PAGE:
Twenty patients (19%) reported having had a prior cancer. These included: Breast-9, lung-2, bladder-2, skin-2, and one each for colon, melanoma, kidney, pancreas, and fallopian tube. Eighty-five patients indicated they had not had a second cancer. Three patients were diagnosed with a second cancer within 1 to 2 years of the diagnosis of uterine cancer, one patient with colon and two with breast cancer. These three patients were older than 60 years at the time of uterine cancer diagnosis.

Histological and molecular results

Histopathological features of the cancers are shown in Table 2. The distribution of histological subtypes is consistent with previous publications [10]. Twenty-three cancers with associated hyperplasia were all of the endometrioid histological subtype; complex hyperplasia with atypia was present in 16 (69.6%) cases, simple hyperplasia in 4 (17.4%) cases, complex hyperplasia in 2 (8.7%) cases, and atypical hyperplasia in 1(4.3%) case. Pathological reports did not indicate the FIGO score for 12 cancers, of which 11 were serous and one was carcinosarcoma.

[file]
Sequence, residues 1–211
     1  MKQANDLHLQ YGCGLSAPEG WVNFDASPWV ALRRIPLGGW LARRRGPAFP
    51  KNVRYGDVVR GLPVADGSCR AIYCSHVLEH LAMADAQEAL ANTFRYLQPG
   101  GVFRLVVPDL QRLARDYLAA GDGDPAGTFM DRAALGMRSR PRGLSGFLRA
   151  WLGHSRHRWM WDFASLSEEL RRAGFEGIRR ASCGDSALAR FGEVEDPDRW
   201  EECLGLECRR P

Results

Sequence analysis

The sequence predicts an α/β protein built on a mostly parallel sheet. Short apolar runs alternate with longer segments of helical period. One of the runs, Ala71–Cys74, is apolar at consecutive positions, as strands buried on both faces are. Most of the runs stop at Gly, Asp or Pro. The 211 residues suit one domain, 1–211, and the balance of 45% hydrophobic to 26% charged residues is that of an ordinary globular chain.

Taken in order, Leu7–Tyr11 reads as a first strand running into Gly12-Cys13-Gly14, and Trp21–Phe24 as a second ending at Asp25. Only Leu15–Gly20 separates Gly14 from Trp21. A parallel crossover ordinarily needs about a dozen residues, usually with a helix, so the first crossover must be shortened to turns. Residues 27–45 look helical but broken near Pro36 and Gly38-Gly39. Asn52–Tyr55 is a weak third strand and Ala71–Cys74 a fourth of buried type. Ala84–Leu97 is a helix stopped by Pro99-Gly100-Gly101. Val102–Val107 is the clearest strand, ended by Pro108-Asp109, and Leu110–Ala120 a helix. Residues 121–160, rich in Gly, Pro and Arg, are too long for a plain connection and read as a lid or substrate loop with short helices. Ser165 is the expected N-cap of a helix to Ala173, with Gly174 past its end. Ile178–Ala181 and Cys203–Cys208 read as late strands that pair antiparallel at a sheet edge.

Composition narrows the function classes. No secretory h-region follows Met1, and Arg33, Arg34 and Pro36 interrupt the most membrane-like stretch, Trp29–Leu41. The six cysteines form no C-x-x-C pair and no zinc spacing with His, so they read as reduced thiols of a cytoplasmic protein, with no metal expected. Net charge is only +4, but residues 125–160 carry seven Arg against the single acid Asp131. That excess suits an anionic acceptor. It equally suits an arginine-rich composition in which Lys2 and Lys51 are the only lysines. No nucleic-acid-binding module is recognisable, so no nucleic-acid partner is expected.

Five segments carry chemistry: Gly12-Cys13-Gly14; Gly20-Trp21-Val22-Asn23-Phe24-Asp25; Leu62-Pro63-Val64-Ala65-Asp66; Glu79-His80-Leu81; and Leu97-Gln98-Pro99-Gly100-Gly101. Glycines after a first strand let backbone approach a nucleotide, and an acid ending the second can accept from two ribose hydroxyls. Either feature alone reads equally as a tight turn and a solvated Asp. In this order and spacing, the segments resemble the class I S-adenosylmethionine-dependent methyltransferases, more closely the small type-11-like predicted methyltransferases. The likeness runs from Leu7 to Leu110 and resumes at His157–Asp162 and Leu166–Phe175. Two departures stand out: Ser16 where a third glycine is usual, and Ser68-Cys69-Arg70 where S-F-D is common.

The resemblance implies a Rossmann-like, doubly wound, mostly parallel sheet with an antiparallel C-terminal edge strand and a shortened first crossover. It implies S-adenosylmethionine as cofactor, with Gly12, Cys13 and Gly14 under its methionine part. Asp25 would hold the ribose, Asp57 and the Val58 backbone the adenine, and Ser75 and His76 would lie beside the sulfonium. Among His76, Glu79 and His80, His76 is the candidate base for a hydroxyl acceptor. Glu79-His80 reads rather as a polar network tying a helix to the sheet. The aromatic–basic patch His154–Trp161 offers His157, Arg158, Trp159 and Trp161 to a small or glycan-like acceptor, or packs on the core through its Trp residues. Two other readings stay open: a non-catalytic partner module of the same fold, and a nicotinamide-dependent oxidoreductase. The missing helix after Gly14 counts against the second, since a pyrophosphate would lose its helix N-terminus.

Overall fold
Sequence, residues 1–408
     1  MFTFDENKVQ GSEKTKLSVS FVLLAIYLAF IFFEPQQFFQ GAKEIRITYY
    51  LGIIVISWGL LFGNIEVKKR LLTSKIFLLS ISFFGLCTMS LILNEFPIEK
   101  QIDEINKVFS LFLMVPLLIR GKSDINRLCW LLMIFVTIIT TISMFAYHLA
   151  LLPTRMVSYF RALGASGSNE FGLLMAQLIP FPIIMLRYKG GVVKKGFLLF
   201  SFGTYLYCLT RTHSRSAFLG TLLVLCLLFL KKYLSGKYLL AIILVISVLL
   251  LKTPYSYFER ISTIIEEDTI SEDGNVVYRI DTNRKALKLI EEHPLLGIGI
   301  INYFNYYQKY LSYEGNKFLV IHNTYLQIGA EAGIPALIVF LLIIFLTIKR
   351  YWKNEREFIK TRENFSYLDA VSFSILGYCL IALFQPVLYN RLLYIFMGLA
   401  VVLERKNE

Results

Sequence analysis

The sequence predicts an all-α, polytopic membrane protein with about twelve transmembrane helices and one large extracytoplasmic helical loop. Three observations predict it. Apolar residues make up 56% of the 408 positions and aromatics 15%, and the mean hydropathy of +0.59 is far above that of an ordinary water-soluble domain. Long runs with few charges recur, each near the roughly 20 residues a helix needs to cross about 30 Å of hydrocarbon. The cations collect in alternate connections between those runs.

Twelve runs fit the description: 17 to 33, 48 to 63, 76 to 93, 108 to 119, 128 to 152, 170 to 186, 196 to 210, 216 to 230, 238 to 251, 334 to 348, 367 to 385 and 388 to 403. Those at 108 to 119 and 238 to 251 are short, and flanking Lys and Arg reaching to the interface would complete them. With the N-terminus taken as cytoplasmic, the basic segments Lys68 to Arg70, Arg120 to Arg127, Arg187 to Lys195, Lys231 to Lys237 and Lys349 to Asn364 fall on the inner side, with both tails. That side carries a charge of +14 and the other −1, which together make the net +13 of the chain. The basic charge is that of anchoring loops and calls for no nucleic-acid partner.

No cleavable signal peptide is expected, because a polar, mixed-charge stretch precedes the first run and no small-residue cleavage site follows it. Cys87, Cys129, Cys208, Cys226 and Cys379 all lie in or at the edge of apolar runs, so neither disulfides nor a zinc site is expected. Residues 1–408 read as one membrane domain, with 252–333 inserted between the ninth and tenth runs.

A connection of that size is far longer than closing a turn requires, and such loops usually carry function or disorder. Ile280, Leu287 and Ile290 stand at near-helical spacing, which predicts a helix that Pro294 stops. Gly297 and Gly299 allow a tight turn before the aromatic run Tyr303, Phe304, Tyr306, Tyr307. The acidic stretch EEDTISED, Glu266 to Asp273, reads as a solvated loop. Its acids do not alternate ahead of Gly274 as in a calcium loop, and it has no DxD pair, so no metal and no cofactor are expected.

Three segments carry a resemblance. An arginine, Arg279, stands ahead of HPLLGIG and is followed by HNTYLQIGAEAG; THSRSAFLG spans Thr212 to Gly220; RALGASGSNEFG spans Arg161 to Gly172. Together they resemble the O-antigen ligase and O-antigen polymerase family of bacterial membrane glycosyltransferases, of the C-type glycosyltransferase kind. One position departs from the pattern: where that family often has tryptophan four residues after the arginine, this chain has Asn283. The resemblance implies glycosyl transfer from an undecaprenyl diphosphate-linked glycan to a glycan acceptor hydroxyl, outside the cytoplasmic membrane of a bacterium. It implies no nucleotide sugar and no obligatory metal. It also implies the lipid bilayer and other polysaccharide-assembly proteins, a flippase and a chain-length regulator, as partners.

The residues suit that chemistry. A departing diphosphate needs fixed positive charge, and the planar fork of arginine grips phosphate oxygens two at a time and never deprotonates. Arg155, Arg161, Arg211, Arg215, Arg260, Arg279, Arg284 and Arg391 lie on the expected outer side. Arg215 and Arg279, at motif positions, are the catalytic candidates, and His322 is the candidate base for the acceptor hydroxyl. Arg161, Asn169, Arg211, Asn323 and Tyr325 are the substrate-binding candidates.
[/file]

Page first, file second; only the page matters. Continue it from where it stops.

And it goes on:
Table 2: Pathological features of 105 uterine cancers. View Table 2

The molecular findings are shown in Table 3. They are mainly consistent with our previous findings and with results reported by others [9,11-13]. However, our results for abnormalities in PTEN gene are slightly lower than previously reported [14]. No mutations were detected for the K-Ras gene at codon 61, nor in the GNAS gene at codon 201 of exon 8. Only one cancer contained a mutation for B-Raf at codon 600 exon 15, and this tumor was also MSI and methylated. Twenty-six cancers with MSI were not technically evaluable for LOH of the APC or PTEN genes. Six tumors demonstrated LOH for the APC gene.

Table 3: Molecular findings of 105 uterine cancers. View Table 3

The distribution of the 19 cancers with a K-Ras gene mutation was: c.35G > A-7 (36.8%), c.38G > A-6 (31.6%), c35G > C-3 (15.8%), c.35G > T-2 (10.5%), and c.34G > T-1 (5.3%). Twenty-two of the 26 cancers with MSI demonstrated methylation, with four having no methylation. The types of PTEN mutations were: Deletions =10 (47.6%), insertions = 3 (14.3%), point mutations = 8 (38.1%). Three cancers with a PTEN mutation also demonstrated PTEN LOH.

Family history

Family histories are summarized in Table 4. Three of our four patients with uterine cancers demonstrating MSI but no methylation all had strong family histories of cancers in their first-degree relatives. The first patient's sister had ovarian cancer; the second patient's mother had both uterine and breast cancer; the third patient's mother had breast and colon cancer. These three also had numerous second-degree relatives with cancers of ovary, breast, uterus and colon. The fourth patient's two maternal aunts both had colon cancer.